Jeremy Mathieu of Clayoquot Action captured this photograph of sea lions inside Cermaq Canada’s Rant Point salmon farm. (Jeremy Mathieu photo)

Jeremy Mathieu of Clayoquot Action captured this photograph of sea lions inside Cermaq Canada’s Rant Point salmon farm. (Jeremy Mathieu photo)

Sea lions trapped in fish farm near Tofino expected to move on after pens emptied

Industry watchdog Clayoquot Action criticizes pinniped raid as another reason to eliminate open pens

Cermaq Canada’s Rant Point fish farm site in Clayoquot Sound looks a little different this week.

All the fish have been harvested and the sea lions that were trapped in the pens will likely move on, according to Fisheries and Oceans Canada (DFO).

“Rant Point is now considered empty of fish. The sea lions may still attempt to access the infrastructure out of habit, however without fish to eat they are unlikely to remain,” said DFO aquaculture media contact Lauren Girdler in an email.

Cermaq Canada also confirmed via email that the last fish was harvested out of their Rant Point Farm on April 12.

Girdler told the Westerly that about 10 to 20 sea lions were observed by DFO biologists in the net pens at Rant Point on March 23. She said while the Cermaq facility includes exclusionary predator netting and electric fencing around the open net pens, the sea lions were able to breach the facility.

DFO was unable to confirm whether or not large numbers of farmed Atlantic salmon escaped the facility due to the sea lion breach.

“Cermaq has been actively working to repair any holes in the nets to prevent fish escape. At this point, DFO has no indication that large numbers of Atlantic salmon have escaped from the facility,” wrote Girdler.

Cermaq is now removing some of the predatory nets, but the fish and growout nets have all been removed, according to DFO.

Clayoquot Action, a Tofino-based fish farm industry watchdog, says the sea lions will probably just move to another fish farm site and that Atlantic salmon likely escaped into the Pacific Ocean.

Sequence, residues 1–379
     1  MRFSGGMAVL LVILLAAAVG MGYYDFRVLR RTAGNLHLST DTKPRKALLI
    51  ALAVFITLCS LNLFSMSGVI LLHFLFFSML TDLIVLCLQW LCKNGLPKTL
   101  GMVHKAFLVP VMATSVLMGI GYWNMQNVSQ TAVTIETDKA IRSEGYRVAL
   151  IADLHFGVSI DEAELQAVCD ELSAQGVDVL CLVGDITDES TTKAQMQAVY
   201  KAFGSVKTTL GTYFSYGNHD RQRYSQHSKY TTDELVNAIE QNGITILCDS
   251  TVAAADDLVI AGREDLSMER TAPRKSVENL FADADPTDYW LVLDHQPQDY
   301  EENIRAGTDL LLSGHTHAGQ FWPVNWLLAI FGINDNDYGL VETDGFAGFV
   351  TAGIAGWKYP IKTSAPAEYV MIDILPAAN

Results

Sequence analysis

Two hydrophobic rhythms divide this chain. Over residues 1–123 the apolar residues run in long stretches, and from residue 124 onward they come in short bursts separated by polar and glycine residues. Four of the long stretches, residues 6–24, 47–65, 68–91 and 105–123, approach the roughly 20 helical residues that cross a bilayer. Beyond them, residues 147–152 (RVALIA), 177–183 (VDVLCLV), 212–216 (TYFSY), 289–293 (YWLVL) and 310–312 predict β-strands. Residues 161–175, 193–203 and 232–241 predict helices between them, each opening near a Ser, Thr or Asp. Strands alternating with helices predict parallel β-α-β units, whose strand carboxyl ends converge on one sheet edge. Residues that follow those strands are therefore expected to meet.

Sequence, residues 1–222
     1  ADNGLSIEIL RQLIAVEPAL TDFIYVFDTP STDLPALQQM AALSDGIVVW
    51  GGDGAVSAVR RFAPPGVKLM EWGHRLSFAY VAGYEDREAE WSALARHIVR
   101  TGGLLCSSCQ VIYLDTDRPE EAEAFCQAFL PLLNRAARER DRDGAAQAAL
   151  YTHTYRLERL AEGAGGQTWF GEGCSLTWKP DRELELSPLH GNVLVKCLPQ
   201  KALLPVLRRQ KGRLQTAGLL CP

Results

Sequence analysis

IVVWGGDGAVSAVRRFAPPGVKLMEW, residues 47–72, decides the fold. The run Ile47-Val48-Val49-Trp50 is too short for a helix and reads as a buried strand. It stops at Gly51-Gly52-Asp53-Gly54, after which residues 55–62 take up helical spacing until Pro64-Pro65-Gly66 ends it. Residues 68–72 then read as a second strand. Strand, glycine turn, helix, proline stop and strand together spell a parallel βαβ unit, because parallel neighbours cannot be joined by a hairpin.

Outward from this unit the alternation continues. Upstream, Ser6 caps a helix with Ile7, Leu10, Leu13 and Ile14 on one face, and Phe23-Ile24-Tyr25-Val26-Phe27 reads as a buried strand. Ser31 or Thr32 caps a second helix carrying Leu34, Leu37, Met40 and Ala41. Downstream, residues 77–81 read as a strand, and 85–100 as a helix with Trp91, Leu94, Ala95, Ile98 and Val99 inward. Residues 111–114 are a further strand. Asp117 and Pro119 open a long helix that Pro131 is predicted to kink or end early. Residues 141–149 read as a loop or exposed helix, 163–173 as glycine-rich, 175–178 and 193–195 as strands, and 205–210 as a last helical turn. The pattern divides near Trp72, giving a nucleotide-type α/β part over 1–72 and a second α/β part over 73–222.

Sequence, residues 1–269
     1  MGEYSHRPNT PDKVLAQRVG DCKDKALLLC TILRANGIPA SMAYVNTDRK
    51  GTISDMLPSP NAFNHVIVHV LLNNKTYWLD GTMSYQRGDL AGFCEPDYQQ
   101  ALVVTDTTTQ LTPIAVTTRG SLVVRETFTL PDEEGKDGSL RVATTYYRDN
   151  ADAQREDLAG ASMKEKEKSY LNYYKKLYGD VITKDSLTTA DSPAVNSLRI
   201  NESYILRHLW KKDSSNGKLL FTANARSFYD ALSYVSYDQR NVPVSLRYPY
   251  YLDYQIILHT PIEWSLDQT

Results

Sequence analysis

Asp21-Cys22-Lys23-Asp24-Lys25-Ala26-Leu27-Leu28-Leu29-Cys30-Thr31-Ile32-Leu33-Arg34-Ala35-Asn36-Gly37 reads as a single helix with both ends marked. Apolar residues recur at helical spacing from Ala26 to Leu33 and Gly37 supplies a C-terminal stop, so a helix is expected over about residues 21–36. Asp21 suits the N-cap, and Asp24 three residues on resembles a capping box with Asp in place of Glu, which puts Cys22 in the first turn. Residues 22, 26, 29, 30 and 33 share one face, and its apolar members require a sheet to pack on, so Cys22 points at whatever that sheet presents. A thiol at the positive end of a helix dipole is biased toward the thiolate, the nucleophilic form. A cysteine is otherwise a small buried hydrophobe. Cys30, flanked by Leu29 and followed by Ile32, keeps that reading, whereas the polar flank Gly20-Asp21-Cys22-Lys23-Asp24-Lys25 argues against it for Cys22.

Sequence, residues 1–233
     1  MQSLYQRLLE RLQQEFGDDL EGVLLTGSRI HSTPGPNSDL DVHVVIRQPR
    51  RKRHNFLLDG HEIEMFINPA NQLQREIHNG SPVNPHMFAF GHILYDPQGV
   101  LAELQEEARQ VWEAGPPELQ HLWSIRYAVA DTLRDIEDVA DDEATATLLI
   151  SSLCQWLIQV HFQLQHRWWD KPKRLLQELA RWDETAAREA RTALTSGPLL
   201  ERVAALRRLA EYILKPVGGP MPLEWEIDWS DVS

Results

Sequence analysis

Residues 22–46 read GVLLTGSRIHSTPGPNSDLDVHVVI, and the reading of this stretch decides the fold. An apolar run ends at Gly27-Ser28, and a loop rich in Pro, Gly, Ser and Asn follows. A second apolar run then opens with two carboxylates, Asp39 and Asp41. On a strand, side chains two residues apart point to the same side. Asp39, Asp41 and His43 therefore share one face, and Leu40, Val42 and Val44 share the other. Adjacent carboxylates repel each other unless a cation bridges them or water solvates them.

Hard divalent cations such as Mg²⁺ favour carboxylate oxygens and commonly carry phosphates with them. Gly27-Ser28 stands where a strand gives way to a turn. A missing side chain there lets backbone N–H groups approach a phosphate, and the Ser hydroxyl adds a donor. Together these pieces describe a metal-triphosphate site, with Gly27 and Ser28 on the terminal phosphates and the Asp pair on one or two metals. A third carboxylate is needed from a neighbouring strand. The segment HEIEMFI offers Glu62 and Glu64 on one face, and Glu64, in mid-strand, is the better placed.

“Given the amount of time that the sea lions were in the pens for, it is highly unlikely that they didn’t escape. This is a form of pollution in Clayoquot Sound having the Atlantic salmon competing with wild salmon for food,” said Clayoquot Action’s Bonny Glambeck.

“Sea lions are a very intelligent animal. It’s like a bear adapting to human behaviour. These sea lions have now learned and adapted to getting into these farms. I wouldn’t be surprised to see them do the same thing again,” she said.

The federal government made a pledge in Dec. 2019 to transition from open net-pen salmon farming in coastal British Columbia waters by 2025. Recently, a group of more than 100 First Nations and fishery organizations have come forward urging Canada to follow through on its commitment. Clayoquot Action is hosting a flotilla on May 7 in the Tofino Harbour to encourage the government to follow through with their pledge.

“This has been going on for 30 years. They have not been able to solve this problem. Removing the farms is the foolproof way to solve the problem of marine mammal entanglement and that would also take care of the pesticides, parasites and pathogens,” said Glambeck.

RELATED: VIDEO: Locals alarmed as sea lions feast on B.C. fish farm



nora.omalley@westerlynews.ca

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